S. Florida Dilemma and Questions - Posted by John W

Posted by John Corey on April 16, 2006 at 21:31:17:


While a L/O is a valuable tool it would serve a narrow purpose in this example.

The window for the tax savings as owner occupied is closing. The L/O would increase the chance the loss would be crystallized.

The present market is flat and no one can accurately predict when it might pick up. Will the market turn negative first or will things just stay flat?

The cash flow with the L/O as you are suggesting might be better (or the consider can be used to subsidize the negative). The legal definition of what a tenant can be allowed to pay for repairs is mixed to be honest. In many places the tenant can not be held to do repairs as the landlord has to provide habitable housing.

Maybe I am missing your point. Other than as a way to reduce the negatives how does a L/O turn around the present situation?

John Corey

S. Florida Dilemma and Questions - Posted by John W

Posted by John W on April 16, 2006 at 19:07:35:

We purchaced a home in South Florida for 250K five years ago. We lived there for 3 years, moved into a new home and have now rented the old home for 2.5 years.

The current value of the home is approximately $650K although the market in S. Florida has gone totally flat. We have had it on the market for sale for 3 months with no interest. This is a nice home, desirable area, waterfront, ocean access, pool, updated etc.

We ar in a slighly negative cash flow on the home $2-300/month.

Our options include dropping the price until it sells, renting it for the long term 5-10 years and losing the capital gains exemtion, or renting it until the market picks back up and doing a 1031 exchange.

Ultimately I think it is best to sell and avoid the taxes, but at what point would we be better off keeping it as a rental? Am I correct in thinking that the break even point is around $70K? So if we sold for more than $580 we would make more profit???

Also, assume we keep it and later do a 1031 exchange and purchace a new rental property. After 2 years we move into the new property. If we sell at this point, when calculating capital gains, is the value based upon the initial price of the original property or on the new property?

Any other thoughts and ideas welcomed,


Re: S. Florida Dilemma and Questions - Posted by Chris in FL

Posted by Chris in FL on April 17, 2006 at 10:20:38:

John Corey pointed out your options pretty accurately. Lease/option suggestion would only serve to try to improve upon the keeping it and renting it out plan (try to get to break-even or better with higher than market rent, or make it up with a big front-end option fee and hopefully lower repairs expense).
I am in the same position, with less expensive property, though, and have talked to several people in this spot. It really comes down to a personal decision about what makes sense for you (assuming you can sell it without reducing the price drastically).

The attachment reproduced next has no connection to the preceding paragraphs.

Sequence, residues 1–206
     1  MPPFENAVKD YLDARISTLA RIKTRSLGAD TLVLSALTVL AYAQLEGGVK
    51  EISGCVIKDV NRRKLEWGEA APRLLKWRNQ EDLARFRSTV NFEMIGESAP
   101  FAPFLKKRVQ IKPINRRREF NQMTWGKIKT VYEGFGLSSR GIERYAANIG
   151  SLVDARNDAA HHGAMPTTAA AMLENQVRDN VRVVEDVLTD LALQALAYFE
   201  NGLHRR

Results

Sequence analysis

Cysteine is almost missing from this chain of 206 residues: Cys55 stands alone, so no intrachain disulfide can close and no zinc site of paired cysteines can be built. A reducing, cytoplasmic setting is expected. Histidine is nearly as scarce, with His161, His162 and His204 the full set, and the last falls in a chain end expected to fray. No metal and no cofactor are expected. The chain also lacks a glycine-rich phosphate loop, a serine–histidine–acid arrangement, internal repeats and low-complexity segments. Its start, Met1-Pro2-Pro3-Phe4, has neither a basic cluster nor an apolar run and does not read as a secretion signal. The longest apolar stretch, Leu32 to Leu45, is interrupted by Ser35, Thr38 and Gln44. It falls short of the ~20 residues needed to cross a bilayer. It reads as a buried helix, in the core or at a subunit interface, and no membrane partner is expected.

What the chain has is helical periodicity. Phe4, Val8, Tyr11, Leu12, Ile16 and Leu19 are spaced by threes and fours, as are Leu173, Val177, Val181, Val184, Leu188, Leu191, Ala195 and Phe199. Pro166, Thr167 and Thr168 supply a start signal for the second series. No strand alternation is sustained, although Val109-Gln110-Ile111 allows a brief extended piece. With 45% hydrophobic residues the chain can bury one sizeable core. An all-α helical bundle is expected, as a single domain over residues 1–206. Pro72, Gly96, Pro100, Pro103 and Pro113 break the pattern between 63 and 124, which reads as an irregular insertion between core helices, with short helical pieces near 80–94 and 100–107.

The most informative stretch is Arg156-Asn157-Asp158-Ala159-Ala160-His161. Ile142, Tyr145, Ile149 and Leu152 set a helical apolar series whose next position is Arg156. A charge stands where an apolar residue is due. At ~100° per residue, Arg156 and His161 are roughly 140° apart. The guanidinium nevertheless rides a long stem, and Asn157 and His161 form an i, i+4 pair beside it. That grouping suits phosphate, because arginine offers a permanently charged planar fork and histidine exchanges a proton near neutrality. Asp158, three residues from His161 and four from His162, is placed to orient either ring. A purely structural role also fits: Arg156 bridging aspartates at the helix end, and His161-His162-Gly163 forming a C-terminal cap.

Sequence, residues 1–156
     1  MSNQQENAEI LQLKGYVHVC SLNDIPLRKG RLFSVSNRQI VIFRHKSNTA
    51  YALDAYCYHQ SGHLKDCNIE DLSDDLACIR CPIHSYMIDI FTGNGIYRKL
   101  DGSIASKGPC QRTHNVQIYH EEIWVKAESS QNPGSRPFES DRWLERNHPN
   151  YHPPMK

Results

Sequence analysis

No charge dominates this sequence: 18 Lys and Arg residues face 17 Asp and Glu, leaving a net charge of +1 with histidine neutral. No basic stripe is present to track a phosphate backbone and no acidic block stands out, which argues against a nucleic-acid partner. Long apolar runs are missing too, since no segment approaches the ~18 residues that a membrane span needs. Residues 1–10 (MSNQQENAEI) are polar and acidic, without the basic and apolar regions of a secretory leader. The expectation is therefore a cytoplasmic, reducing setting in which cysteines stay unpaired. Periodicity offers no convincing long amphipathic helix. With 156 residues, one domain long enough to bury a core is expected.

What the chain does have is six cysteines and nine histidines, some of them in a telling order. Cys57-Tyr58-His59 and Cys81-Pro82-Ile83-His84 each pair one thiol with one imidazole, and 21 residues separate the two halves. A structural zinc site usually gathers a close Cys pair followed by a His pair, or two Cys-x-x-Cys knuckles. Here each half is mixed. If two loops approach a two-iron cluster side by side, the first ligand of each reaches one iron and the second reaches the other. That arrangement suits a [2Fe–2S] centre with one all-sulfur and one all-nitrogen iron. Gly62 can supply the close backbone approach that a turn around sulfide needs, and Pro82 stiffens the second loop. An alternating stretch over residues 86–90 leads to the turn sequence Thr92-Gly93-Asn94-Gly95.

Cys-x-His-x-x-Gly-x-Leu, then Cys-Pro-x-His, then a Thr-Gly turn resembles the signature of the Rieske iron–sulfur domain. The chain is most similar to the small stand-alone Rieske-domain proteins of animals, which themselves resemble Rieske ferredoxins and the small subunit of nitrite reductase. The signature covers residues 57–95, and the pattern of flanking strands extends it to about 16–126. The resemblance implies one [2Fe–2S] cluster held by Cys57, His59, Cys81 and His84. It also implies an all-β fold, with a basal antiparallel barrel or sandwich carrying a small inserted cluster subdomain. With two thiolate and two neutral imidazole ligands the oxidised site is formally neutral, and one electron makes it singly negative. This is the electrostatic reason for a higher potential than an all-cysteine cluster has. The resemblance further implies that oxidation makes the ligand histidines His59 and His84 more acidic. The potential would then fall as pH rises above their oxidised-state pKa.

The financial considerations contain too many unknowns. Tax law could change, real estate market could change, your life circumstances could change, etc. The option I am most likely to follow is to sell, and, if I want the money invested in rentals anyhow, then go buy a bargain (or bargains) with the proceeds that makes sense as buy-and-hold rental property. This gives you lots of options, as you can use the proceeds of the sale any way you want, without tax issues now or later. However, I plan to sell my home soon, and time left to sell won’t be an issue (as it is for you). That means the only motivation for me to keep is because the home I live in is the first bargain (and house) that I ever bought - sentimental value. Good luck with your decision - Best Wishes!

Re: S. Florida Dilemma and Questions - Posted by John Corey

Posted by John Corey on April 16, 2006 at 21:39:07:


If you care to pull out the cash from the property and not pay any taxes on the gains then a sale before you lose the tax exemption is important.

Any solution that continues to have you own the property while not living there moves you close to losing the exemption.

If you do rent the property (as you have done already) and then complete a 1031 you have deferred the gain by moving the tax basis to the new property.

If you wanted to move in you have to move in for 5 out of the last 5 years to use the tax exemption. There is a specific rule concerning the conversion of what was a 1031 tax deferral so that people do not do what you are proposing (at least they will not be able to do it often).

There is the risk that the rules for the tax exemption could change. That is not commonly discussed so maybe not likely. What might be more likely is for the capital gains tax rate to be increased to something higher than 15%. No idea what you tax basis is so no idea if the 15% capital tax rate will apply.

What are you going to do with the money if you sell? There are some significant transaction costs if you sell. They are not recovered.

If you want to own a rental what is wrong with the present home being that rental? You mentioned the negative cash flow. What is the outlook for rental rates? Would this property be something worth keeping given the location? Or it is never going to make a great rental because of the size, location, type or other structural reason?

Best to assume that any 1031 will mean a chain of properties all of which are rentals and which will always be that way. What is the end game and how will you realize the profits or otherwise take out capital over the years?

John Corey

Re: S. Florida Dilemma and Questions - Posted by Jack

Posted by Jack on April 16, 2006 at 19:16:25:

Have you thought of lease optioning it with a hefty option down amount and repairs done by the lessee?